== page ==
It’s been half a year, two hundred and twelve pages of instructions, and 1,297 pieces, but John finally finished his LEGO Cargo Plane.
Insofar as the clone was five years old for most of the build and six years old for the finish, and this kit is known to be a little tricky for full-grown adults, it’s reasonable to ask how much of it he actually did. The truthful answer is that he performed the vast majority of the build himself, looking at the directions, with me pulling the pieces for him and checking his work. A few tasks, like hanging the engines on the wings, weren’t all that clear from the directions so I had to get involved.
I was impressed by how readily John understood the relatively complex arrangements of gearing used in this kit. The Cargo Plane can raise and lower the nose, operate the rear liftgate, extend and retract the landing gear, spin the props, and manipulate wing control surfaces. The central power distribution unit has a transmission with sliding dog rings. So at the age of six he already comprehends the workings of a manual gearbox better than most of my driving students.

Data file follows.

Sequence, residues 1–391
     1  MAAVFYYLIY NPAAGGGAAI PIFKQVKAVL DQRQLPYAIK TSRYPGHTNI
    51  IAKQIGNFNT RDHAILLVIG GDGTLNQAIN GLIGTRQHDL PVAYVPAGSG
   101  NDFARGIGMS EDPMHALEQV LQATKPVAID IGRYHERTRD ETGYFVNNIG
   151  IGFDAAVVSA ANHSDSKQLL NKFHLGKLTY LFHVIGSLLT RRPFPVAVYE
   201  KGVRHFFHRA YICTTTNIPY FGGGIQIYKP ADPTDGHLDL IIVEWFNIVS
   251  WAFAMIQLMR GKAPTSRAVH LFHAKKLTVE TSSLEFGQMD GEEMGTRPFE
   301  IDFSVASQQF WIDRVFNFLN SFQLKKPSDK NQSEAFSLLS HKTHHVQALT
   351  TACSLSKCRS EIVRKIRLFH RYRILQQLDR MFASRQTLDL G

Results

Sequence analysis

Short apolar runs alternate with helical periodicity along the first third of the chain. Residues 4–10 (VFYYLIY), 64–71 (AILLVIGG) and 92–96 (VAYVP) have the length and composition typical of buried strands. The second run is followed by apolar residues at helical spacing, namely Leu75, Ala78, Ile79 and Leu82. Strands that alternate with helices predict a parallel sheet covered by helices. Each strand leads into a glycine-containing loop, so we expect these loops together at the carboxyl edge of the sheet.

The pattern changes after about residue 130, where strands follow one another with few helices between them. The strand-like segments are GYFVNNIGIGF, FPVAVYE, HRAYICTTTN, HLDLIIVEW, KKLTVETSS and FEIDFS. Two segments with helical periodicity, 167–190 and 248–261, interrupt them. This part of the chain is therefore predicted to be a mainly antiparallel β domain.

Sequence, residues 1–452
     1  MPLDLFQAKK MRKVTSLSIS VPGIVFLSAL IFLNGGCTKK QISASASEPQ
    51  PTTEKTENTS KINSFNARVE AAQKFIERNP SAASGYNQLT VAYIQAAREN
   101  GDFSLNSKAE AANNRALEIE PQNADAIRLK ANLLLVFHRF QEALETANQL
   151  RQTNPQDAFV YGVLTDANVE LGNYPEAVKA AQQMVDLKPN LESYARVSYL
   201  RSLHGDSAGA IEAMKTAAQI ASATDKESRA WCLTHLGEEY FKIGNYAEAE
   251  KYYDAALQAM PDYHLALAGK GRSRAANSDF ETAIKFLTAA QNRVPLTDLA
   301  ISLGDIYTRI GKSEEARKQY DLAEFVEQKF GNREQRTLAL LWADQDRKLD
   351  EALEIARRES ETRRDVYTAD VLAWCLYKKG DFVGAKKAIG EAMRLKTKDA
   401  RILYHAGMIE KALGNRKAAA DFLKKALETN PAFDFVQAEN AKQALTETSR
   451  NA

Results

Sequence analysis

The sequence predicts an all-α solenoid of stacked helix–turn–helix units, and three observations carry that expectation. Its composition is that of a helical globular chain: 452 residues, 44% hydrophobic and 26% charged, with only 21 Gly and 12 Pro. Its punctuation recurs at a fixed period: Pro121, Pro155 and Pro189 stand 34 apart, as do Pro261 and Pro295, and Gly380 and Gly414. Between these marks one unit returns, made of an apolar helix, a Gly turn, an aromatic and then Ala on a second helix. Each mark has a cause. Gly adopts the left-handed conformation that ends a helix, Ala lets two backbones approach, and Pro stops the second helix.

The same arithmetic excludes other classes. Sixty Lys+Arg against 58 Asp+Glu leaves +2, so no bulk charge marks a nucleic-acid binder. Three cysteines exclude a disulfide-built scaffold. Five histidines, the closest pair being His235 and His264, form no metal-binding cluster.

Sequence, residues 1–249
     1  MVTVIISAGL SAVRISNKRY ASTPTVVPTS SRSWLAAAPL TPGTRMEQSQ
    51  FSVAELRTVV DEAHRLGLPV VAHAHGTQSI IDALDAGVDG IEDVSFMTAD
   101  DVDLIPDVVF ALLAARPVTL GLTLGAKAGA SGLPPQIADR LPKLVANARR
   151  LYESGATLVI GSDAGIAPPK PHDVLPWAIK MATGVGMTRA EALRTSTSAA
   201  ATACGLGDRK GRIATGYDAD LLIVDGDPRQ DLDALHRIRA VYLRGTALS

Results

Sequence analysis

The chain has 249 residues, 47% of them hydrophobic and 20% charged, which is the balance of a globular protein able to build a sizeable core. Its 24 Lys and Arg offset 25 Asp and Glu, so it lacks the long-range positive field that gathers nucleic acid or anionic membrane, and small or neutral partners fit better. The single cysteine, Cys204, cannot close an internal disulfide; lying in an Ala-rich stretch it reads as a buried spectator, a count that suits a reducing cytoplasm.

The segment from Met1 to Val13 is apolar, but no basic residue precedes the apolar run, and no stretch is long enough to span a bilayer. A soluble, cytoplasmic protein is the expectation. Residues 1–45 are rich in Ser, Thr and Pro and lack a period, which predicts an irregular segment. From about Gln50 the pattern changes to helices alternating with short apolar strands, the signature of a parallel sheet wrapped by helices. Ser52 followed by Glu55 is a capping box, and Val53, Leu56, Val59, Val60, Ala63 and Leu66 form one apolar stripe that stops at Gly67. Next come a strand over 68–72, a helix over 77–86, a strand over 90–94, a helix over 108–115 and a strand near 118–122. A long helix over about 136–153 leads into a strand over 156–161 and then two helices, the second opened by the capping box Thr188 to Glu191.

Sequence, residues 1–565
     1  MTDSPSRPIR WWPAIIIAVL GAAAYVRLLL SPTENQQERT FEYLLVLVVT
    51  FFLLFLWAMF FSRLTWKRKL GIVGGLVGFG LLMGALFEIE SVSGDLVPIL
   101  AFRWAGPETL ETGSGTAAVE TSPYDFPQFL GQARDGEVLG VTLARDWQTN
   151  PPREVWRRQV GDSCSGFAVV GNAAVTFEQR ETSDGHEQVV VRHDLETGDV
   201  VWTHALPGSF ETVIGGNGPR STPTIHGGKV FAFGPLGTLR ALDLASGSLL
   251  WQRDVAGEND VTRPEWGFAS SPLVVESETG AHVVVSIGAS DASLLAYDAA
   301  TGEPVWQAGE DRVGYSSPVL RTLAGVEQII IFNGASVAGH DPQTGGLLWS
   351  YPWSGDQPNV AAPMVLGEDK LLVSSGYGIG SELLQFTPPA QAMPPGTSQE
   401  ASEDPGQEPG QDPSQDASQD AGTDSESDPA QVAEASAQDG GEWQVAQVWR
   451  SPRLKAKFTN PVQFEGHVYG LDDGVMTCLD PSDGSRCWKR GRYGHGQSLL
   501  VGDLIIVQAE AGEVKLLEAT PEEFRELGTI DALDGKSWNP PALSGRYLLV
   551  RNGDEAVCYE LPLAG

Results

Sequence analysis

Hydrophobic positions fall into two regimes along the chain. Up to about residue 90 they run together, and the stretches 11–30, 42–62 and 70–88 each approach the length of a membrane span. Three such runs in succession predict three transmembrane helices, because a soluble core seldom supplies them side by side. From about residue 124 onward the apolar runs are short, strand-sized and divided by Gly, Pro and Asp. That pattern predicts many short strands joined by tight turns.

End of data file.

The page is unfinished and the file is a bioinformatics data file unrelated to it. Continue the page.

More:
We spent an hour playing with the plane. John made cargo boxes to fit in the plane and he flew it around the house. He expressed an interest in seeing real cargo planes so we made a plan to go to Wright-Patterson and check out some C-130s.
Since we were on an assembly gig, I thought I’d put something else together, too.
This fiberglass Herman Miller chair came from a friend who is helping out his local community library by cleaning up and selling some of their old inventory. John screwed it together and then pointed out that it was really better-sized for him than for me. So here he is:
That evening, we went to dinner and had a talk about our experience building the plane. I pointed out that we had spent a long time building the plane and that he had wanted to give up on it a few times. (To be fair, he was eager to work on it far more often than he was not.) We talked about the fact that not everything in this world is easy, not everything in this world is quick, not everything in this world happens right away. That there is disappointment to be had in everything you do, but that the end result of hard work is its own reward.
It is a lesson I’ve always found easier to teach than to accept.